The severity of PCO was evaluated with PCO area, thickness and density, which were 0.48 ± 0.24 (0.07–1.04) mm2, 0.12 ± 0.06 (0.03–0.24) mm and 44.14 ± 11.09 (27.49–68.26) at 3 mm optic zone, respectively. At 5 mm optic zone, PCO area was area, thickness and density were 0.59 ± 0.31 (0.08–1.23) mm2, 0.10 ± 0.05 (0.01–0.20) mm and 39.22 ± 10.61 (22.13–65.3), respectively. PCO area at 3 mm optic zone was significantly correlated with the OSI reduction after laser capsulotomy (r = 0.43, p = 0.02) as described in Fig. 4d. While at the 5 mm optic zone, PCO area was not correlated with the OSI decreasing (r = 0.06, p = 0.76). The density and thickness were not statistically correlated.
The differences between pear type PCO and fibrosis PCO are shown in Fig. 4a, b, c. The pear type PCO showed a larger opacification area in the IOL-posterior capsule space (Z = − 1.96, p = 0.05 at 3 mm optic zone; Z = − 3.14, p = 0.002 at 5 mm optic zone; Z = − 2.71, p = 0.007 at 6 mm optic zone) and was thicker than the fibrosis PCO (Z = − 3.05, p = 0.002 at 3 mm optic zone; Z = − 2.52, p = 0.01 at 5 mm optic zone; Z = − 3.15, p = 0.002 at 6 mm optic zone). The density of these two kinds of PCO was not significantly different (Z = − 0.65, p = 0.51 at 3 mm optic zone; Z = − 0.15, p = 0.88 at 5 mm optic zone; Z = − 1.00, p = 0.32 at 6 mm optic zone). In addition, the area of pear type PCO at 3 mm optic region was correlated with the OSI reduction after laser capsulotomy (r = 0.36, p = 0.07); for fibrosis PCO, the correlation decreased (r = 0.32, p = 0.6).
Visual function comparison between pear PCO and fibrosis PCO
Before laser capsulotomy, the pear type PCO showed poor VA compared with fibrosis PCO (Z = − 3.36, p = 0.001). After laser capsulotomy, VA increased, and there was no significant difference between the fibrosis PCO and the pear type PCO (Z = − 1.42, p = 0.16) (Table 2),
Pear type PCO showed higher OSI compared with the fibrosis PCO both pre- and post-YAG (Z = − 4.06, p ≤ 0.001). Laser capsulotomy significantly decreased the OSI of pear type PCO. The OSI of fibrosis PCO also decreased, though it was not statistically significant. After laser capsulotomy, there was no significant difference in OSI between fibrosis PCO and pear type PCO (Z = − 0.71, p = 0.48) (Table 2).
Before laser capsulotomy, the 100% OVs, 20% OVs and 9% OVs were 0.24 ± 0.20, 0.18 ± 0.13, and 0.12 ± 0.09, respectively, which significantly improved after laser capsulotomy: 0.62 ± 0.36, 0.39 ± 0.28 and 0.25 ± 0.15, respectively (Fig. 5a). The improvements were statistically significant (Z = − 4.31, p ≤ 0.001; Z = − 3.9, p ≤ 0.001; Z = − 3.96, p ≤ 0.001).
Comparing the OVs of fibrosis and pear type PCO, similar improvements were observed (in Fig. 5b, c). However, fibrosis PCO showed higher OVs than the pear type PCO both pre-YAG and post-YAG. In addition, there were significant differences in the 100% OVs, 20% OVs and 9% OVs between fibrosis and pear type PCO before laser capsulotomy (Z = − 4.4, p ≤ 0.001; Z = − 4.34, p ≤ 0.001; Z = − 3.12, p = 0.002). After laser capsulotomy, the differences were not statistically significant.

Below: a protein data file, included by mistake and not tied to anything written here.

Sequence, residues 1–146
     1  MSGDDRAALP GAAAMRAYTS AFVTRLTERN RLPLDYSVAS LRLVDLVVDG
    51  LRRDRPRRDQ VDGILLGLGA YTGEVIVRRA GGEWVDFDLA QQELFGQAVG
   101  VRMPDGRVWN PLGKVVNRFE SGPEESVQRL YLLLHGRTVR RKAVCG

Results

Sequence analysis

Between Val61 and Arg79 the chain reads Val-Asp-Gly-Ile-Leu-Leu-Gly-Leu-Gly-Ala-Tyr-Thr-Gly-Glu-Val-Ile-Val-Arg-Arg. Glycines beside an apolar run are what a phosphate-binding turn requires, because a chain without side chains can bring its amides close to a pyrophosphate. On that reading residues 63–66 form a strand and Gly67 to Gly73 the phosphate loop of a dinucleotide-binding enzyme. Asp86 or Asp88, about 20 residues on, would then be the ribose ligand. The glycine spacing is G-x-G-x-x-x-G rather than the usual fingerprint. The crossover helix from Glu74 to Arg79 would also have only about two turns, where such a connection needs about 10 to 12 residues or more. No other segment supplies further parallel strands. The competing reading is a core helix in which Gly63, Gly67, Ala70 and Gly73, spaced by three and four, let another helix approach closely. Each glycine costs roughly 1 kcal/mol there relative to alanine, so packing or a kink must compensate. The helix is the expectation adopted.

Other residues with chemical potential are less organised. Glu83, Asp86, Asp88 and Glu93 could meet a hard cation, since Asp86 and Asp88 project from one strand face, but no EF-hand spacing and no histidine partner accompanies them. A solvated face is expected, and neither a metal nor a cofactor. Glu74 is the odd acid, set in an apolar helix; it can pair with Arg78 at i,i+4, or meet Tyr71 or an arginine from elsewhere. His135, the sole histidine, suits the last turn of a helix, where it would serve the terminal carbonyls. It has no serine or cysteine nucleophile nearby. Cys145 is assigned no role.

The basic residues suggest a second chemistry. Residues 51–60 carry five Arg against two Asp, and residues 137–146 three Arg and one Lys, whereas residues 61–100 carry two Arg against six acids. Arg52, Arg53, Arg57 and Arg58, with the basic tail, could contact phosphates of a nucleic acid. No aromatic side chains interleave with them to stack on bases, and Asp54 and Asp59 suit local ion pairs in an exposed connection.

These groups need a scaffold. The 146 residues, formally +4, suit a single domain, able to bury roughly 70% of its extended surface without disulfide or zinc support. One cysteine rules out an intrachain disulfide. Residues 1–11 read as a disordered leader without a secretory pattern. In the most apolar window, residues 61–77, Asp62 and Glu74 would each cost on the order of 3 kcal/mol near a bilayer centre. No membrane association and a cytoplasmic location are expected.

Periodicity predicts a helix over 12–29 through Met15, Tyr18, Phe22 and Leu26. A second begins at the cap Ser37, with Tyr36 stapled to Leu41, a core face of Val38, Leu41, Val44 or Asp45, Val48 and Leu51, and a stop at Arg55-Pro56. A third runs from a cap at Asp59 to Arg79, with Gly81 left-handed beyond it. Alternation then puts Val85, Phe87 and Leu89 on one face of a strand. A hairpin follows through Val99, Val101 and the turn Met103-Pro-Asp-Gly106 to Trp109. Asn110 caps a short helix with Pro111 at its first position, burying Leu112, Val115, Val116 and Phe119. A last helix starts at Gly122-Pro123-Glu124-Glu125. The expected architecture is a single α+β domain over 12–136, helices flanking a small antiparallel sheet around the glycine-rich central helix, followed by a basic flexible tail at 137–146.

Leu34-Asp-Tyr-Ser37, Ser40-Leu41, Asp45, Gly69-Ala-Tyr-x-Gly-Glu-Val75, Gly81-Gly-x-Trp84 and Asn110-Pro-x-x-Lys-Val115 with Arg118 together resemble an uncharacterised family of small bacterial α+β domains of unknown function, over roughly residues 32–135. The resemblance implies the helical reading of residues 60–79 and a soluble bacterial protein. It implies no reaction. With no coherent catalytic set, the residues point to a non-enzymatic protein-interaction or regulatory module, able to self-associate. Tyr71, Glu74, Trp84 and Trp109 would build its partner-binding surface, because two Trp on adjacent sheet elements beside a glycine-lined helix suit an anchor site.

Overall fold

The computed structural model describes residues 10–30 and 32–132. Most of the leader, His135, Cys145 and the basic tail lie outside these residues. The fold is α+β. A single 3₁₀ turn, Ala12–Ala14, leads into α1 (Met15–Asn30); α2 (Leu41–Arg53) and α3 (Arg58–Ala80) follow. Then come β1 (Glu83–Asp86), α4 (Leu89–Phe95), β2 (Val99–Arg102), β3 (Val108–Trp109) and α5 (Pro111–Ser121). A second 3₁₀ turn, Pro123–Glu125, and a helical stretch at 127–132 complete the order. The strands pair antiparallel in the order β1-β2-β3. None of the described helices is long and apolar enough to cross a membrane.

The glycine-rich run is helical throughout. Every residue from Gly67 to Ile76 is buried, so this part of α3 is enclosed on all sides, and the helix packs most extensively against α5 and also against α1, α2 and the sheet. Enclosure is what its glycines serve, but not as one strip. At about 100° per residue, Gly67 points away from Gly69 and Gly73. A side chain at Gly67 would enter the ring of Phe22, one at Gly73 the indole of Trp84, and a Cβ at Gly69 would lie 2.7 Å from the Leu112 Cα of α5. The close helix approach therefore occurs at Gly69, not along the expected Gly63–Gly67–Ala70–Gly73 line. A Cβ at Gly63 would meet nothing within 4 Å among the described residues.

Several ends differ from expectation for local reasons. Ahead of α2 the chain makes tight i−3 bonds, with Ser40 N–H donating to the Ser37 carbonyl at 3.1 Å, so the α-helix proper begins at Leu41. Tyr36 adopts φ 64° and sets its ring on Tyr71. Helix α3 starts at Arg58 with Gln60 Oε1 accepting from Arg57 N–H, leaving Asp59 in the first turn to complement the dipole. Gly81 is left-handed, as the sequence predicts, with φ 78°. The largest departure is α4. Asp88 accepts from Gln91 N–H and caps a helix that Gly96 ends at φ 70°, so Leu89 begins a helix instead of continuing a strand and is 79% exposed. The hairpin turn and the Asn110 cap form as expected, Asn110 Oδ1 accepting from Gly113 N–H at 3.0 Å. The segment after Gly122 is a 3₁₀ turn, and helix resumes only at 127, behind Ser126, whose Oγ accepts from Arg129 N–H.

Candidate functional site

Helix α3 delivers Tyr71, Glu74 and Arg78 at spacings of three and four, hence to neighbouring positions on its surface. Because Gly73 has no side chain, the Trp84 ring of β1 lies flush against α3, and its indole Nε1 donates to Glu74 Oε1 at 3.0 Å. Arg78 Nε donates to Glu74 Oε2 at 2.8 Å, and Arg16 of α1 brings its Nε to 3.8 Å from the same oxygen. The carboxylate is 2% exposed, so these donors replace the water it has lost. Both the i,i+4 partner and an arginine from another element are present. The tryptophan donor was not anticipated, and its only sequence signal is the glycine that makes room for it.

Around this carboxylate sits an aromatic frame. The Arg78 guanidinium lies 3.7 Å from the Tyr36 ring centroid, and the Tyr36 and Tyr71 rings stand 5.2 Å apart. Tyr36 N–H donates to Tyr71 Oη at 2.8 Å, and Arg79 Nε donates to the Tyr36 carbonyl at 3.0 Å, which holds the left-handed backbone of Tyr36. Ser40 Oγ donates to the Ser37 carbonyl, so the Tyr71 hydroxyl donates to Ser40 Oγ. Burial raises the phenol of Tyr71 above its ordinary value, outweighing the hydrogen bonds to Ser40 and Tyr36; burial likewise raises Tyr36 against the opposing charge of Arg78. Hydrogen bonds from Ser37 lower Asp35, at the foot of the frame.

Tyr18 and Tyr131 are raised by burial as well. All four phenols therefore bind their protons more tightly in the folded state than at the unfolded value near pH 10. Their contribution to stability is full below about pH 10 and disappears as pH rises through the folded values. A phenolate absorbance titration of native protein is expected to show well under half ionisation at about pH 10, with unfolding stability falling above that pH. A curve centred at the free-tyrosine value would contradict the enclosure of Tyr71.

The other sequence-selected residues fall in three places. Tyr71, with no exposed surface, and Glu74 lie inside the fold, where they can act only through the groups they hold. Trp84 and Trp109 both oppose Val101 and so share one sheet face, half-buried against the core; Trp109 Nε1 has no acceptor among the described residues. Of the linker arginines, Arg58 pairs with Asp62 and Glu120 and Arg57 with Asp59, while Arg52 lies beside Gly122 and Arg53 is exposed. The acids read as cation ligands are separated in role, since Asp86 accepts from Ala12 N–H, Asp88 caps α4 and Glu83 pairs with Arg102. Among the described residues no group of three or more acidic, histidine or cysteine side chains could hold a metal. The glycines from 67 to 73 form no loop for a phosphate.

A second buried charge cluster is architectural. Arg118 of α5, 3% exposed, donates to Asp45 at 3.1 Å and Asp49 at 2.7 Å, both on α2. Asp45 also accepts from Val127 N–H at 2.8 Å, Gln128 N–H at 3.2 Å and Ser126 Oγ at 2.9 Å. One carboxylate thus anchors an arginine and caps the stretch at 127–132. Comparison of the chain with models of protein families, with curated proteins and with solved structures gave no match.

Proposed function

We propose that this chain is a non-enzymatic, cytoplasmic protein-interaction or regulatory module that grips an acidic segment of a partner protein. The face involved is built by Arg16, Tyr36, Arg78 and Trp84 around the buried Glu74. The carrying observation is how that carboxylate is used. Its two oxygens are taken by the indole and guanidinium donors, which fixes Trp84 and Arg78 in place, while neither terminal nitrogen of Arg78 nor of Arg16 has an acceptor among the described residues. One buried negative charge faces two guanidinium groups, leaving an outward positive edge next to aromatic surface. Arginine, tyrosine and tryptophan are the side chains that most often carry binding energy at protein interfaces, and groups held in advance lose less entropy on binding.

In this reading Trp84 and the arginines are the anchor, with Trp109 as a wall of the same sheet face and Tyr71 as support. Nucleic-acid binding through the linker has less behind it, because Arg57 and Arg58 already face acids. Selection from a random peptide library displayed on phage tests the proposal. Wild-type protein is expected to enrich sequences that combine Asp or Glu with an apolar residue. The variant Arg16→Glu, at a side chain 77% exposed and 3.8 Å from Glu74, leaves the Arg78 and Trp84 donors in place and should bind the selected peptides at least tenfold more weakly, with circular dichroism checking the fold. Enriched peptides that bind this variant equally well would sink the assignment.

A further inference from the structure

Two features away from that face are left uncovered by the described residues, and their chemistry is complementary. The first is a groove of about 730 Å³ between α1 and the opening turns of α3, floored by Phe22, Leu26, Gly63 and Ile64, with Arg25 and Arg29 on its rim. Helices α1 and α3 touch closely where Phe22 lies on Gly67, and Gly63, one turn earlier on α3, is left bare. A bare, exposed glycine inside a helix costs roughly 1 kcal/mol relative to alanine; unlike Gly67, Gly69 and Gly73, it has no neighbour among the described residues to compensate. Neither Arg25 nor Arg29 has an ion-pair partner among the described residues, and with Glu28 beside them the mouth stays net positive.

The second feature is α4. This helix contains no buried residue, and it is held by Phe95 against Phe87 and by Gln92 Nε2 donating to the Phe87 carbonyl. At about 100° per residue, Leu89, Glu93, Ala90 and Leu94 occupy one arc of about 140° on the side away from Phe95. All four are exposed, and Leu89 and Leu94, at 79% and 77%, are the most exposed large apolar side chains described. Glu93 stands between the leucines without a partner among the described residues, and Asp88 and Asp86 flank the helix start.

The relationship between OSI and 100% OVs, 20% OVs and 9% OVs
The OVs evaluated the objective visual acuity under three contrast conditions, as described in Table 3. Before laser capsulotomy, there were correlations between OVs and OSI both in pear type PCO and fibrosis PCO at 100 and 20% contrast levels, except for the low contrast level of 9%. After laser capsulotomy, OSI was significantly correlated with OVs at all the contrast levels in pear type PCO but was not significantly correlated with that of fibrosis PCO.
Visual function does not decline substantially until 50 years of age, but especially declines in the age range of 61–70 years . Stray light increases strongly with age3 and doubles by the age of 65 years, tripling by the age of 77 years . PCO is heterogeneous both in morphology and severity, and stray light increases in PCO eyes, which is considered an early indicator .
In our study, OQAS-II was used to objectively evaluate the intraocular stay light. What we found was that pre-YAG OSI was 9.87 ± 4.73 and that LogMAR VA was 0.50 ± 0.27. It was reported that in the pseudophakic eye, OSI was 1.06 ± 0.48 and LogMAR VA was − 0.26 ± 0.06; in normal eyes, OSI was 1.03 ± 0.65 and LogMAR VA was − 0.25 ± 0.06 . Our finding supports the points that PCO induced visual function deterioration, including VA reduction and stray light increases [22,23,24,25,26,27]. In addition, we found that increased OSI was correlated with decreased visual acuity. As previously reported, the more light that was scattered, the more VA and CS decreased in PCO eyes . Zhang’s study  also proved the close relationship between OSI and BCVA in PCO eyes, and their correlation coefficient was higher than ours. This discrepancy may be explained by the uneven distribution and severity of different kinds of PCO, and the visual acuity and stray light of PCO eyes did not correspond .